How Bluetooth Operates
Bluetooth networking transmits data via low-power radio waves. It communicates on a frequency of 2.45 gigahertz (actually between 2.400 GHz and 2.483.5 GHz, to be exact) [source: Bluetooth SIG]. This frequency band is one of a handful of frequencies that has been set aside by international agreement for the use of industrial, scientific and medical devices (ISM).
A number of devices that you may already use take advantage of this same radio-frequency band. Baby monitors, garage-door openers and the newest generation of cordless phones all make use of frequencies in the ISM band. Making sure that Bluetooth and these other devices don't interfere with one another has been a crucial part of the design process.
Although the Bluetooth Special Interest Group says the technology can be used at a range of more than 3,281 feet (1 kilometer), one of the ways Bluetooth devices avoid interfering with other systems is by sending out very weak signals of about 100 milliwatts [source: PCMag Encyclopedia]. Using low power limits the range of a Bluetooth device to about 656.2 feet (200 meters), cutting the chances of interference between your computer system and your portable telephone or television [source: PCMag Encyclopedia]. Even with the low power, Bluetooth doesn't require line of sight between communicating devices. The walls in your house won't stop a Bluetooth signal, making the standard useful for controlling several devices in different rooms.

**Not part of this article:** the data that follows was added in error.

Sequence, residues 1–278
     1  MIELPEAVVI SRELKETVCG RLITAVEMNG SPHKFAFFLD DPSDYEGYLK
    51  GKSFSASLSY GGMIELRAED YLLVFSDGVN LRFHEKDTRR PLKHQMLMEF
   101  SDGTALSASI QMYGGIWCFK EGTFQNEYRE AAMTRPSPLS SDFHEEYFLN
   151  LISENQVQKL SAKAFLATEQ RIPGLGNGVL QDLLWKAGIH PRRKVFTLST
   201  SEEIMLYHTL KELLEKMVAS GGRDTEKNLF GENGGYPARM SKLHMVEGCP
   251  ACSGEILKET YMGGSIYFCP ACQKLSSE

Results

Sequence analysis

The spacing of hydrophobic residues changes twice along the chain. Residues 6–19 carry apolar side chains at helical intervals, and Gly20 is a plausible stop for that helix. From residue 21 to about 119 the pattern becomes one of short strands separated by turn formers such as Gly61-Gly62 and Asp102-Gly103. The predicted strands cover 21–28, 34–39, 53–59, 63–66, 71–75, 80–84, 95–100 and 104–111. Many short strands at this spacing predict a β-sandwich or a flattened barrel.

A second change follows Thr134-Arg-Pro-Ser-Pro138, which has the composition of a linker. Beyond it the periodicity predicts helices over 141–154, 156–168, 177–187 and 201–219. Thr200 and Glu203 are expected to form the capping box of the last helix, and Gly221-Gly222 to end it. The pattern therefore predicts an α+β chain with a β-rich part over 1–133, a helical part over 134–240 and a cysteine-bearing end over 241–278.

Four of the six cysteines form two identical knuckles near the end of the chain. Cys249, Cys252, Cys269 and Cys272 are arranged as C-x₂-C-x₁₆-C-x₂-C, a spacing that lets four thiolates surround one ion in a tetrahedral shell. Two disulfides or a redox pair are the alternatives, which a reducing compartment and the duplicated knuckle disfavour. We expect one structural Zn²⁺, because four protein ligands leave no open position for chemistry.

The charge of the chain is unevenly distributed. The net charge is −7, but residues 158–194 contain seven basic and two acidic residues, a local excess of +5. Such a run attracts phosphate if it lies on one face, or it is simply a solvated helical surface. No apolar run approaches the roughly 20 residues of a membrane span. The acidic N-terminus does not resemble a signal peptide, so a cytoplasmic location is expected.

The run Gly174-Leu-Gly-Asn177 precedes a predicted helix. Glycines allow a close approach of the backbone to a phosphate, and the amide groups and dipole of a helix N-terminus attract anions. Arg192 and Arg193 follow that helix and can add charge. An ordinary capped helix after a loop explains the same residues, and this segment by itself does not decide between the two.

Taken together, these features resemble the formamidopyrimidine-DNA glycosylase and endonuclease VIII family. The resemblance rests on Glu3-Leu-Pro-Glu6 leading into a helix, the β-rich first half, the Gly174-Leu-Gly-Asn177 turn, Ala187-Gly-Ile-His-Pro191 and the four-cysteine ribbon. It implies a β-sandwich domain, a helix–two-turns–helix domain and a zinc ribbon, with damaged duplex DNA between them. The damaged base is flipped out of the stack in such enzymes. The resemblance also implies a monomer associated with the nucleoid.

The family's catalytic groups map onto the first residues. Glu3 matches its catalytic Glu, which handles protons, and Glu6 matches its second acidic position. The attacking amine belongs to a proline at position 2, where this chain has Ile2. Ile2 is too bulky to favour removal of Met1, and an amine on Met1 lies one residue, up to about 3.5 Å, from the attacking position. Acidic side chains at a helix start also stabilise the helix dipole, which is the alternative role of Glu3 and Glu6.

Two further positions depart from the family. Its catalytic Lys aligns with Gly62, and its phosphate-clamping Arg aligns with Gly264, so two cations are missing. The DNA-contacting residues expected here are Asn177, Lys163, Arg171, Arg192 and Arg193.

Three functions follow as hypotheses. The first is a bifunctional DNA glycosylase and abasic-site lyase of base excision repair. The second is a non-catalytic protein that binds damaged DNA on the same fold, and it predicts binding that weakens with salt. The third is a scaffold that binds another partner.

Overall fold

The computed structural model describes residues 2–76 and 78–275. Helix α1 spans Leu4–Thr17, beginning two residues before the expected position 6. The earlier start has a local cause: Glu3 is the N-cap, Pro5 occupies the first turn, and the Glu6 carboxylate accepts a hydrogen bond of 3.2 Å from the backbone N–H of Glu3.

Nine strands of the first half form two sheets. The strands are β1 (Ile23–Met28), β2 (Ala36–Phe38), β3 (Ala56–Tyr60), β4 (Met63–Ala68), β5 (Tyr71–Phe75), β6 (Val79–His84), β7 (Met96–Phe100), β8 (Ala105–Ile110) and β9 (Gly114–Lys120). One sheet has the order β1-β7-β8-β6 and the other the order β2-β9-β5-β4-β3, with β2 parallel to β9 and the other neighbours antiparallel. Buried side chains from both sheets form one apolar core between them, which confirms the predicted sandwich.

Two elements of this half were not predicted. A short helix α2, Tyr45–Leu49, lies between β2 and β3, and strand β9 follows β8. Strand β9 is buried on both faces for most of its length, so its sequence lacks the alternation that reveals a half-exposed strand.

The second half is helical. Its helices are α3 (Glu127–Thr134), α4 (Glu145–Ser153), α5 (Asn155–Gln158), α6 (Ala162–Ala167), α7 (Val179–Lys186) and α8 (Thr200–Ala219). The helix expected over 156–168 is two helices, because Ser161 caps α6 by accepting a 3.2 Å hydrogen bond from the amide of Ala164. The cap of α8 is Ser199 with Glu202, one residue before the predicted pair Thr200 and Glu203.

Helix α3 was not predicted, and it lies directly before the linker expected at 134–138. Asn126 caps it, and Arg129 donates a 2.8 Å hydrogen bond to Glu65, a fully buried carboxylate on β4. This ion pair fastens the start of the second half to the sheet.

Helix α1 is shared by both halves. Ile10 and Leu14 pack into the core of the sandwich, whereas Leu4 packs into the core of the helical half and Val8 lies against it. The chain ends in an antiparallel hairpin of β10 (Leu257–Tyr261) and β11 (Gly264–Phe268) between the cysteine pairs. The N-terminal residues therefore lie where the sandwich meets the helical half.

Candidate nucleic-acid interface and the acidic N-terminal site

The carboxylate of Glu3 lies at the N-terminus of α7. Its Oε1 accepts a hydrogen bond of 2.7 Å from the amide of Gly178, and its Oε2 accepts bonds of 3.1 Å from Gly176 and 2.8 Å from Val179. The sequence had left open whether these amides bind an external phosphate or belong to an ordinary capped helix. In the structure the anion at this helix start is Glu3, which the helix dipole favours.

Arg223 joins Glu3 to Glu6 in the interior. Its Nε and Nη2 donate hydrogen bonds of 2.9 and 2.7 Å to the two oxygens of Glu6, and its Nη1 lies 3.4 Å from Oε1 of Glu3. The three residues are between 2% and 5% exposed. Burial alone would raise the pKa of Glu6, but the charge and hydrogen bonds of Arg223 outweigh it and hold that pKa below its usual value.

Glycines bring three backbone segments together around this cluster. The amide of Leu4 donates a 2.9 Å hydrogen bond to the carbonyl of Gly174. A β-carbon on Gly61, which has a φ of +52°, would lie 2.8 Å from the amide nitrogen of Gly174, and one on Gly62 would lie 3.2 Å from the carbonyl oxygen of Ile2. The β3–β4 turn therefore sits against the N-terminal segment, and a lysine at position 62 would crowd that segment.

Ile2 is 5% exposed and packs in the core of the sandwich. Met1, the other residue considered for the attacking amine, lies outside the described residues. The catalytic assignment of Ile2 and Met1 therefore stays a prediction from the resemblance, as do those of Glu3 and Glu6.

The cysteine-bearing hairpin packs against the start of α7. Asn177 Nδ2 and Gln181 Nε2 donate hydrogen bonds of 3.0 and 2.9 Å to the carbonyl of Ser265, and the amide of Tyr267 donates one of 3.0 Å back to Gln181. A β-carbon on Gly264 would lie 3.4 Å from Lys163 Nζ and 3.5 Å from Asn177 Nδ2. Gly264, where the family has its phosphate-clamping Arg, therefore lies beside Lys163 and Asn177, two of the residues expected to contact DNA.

Bluetooth can handle many devices simultaneously. With all those devices in the same 32-foot (10-meter) radius, you might think they'd interfere with one another, but it's unlikely. Bluetooth uses a technique called spread-spectrum frequency hopping that makes it rare for more than one device to be transmitting on the same frequency at the same time. In this technique, a device will use 79 individual, randomly chosen frequencies within a designated range, changing from one to another on a regular basis [source: PC Mag Encyclopedia].
In the case of Bluetooth, the transmitters change frequencies 1,600 times every second, meaning that more devices can make full use of a limited slice of the radio spectrum. Since every Bluetooth transmitter uses spread-spectrum transmitting automatically, it's unlikely that two transmitters will be on the same frequency at the same time. This same technique minimizes the risk that portable phones or baby monitors will disrupt Bluetooth devices, since any interference on a particular frequency will last only a tiny fraction of a second.
When Bluetooth-capable devices come within range of one another, an electronic conversation takes place to determine whether they have data to share or whether one needs to control the other. The user doesn't have to press a button or give a command — the electronic conversation happens automatically. Once the conversation has occurred, the devices — whether they're part of a computer system or a stereo — form a network.
Bluetooth systems create a personal-area network (PAN), or piconet, that may fill a room or may encompass a distance no more than that between a cell phone on a belt-clip and the headset on your head. Once a piconet is established, the members randomly hop frequencies in unison so they stay in touch with one another and avoid other piconets that may be operating in the same room. Let's check out an example of a Bluetooth-connected system.